Well, maybe. And I sincerely hope so. And being of a forgiving nature, I find myself wanting to believe that the lessons of the run-up to the invasion of Iraq may have finally been learned - at least here in the UK. There`s little doubt that we were press ganged into that fiasco by the disingenuous assurances given by Blair, his rotweiller Campbell and their duplicitous chums as a result of quite pitifully seeking the approbation of Bush, Rumsfeld and company.
So the fall-out from Cameron`s defeat in the Commons last evening could be interesting, not only for the `special relationship` and for Cameron himself but also for other reasons. For instance, we have been reminded repeatedly over the last few days that our elected leaders have understood, perhaps for the first time with such vivid clarity, just how sceptical, cynical even, the great British public has become given the experience of Iraq. And I just wonder whether that reality might now embolden Sir John Chilcot and his long running Iraq Inquiry at last to publish their report in the knowledge that the public might actually welcome any condemnation it may contain of those responsible.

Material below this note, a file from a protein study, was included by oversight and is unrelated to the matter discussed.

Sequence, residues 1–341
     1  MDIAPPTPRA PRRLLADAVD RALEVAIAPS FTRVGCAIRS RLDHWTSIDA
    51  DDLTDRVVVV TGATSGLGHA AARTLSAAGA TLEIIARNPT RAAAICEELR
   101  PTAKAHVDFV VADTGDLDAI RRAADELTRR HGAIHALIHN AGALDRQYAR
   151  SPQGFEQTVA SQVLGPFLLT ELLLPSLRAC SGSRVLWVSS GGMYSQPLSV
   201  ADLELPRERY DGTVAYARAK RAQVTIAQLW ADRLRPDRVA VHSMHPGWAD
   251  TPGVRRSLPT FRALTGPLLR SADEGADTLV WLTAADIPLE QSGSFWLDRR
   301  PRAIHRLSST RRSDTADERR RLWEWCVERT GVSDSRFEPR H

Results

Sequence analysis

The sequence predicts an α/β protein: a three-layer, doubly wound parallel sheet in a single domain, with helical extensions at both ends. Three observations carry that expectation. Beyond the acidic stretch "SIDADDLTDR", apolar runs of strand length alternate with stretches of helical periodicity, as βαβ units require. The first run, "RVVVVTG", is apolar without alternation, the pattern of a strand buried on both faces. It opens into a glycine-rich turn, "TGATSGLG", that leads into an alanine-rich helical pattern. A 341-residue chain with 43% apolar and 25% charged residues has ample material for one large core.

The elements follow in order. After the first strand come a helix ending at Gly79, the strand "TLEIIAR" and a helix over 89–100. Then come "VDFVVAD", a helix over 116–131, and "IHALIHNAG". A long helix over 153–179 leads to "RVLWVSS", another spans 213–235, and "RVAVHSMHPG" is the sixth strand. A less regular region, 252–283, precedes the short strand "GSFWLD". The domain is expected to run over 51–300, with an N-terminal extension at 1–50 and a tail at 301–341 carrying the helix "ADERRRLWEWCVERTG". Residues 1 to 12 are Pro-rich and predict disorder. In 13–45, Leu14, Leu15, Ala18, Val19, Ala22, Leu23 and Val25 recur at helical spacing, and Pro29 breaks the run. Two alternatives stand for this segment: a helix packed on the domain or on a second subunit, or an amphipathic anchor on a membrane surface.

But maybe the most encouraging lesson from last night`s Commons vote was the reminder to both politicians and voters that Parliament is there to represent the electorate and to provide a check on the activities of the executive. For too long in recent times, those in power have assumed that they can more or less do as they wish and get away with it and if that arrogance has been hauled back into line then so much the better for all concerned. After all, we have seen that absolute power can indeed corrupt absolutely and if nothing else, a sharp reminder has been issued that in our modern day democracy absolute power has a very limited shelf life.
I find it disappointing but predictable that, in all the sound and fury of the last 24 hours or so, we have heard nothing from Blair who, just a couple of days ago, was once more pressing the case for Britain to dangle under the apron strings of America and join in yet another doomed misadventure. Neither have we heard from the EU and its `High Representative of the Union for Foreign Affairs and Security Policy,` one Cathy Ashton. Come to think of it, maybe it`s just as well.
I guess, in the end, what we have witnessed is yet more proof, if any more were needed, that like all `empires` before it, Great Britain has had its day as a world power and it should perhaps finally accept that as the sun goes down on its horizon, maybe in the calm of its fading twilight, Britain will find that there is much to be desired from playing the world game in pianissimo rather than the strident fortissimo it used to assume as of right. And maybe that will be the most profound lesson of all to be learned.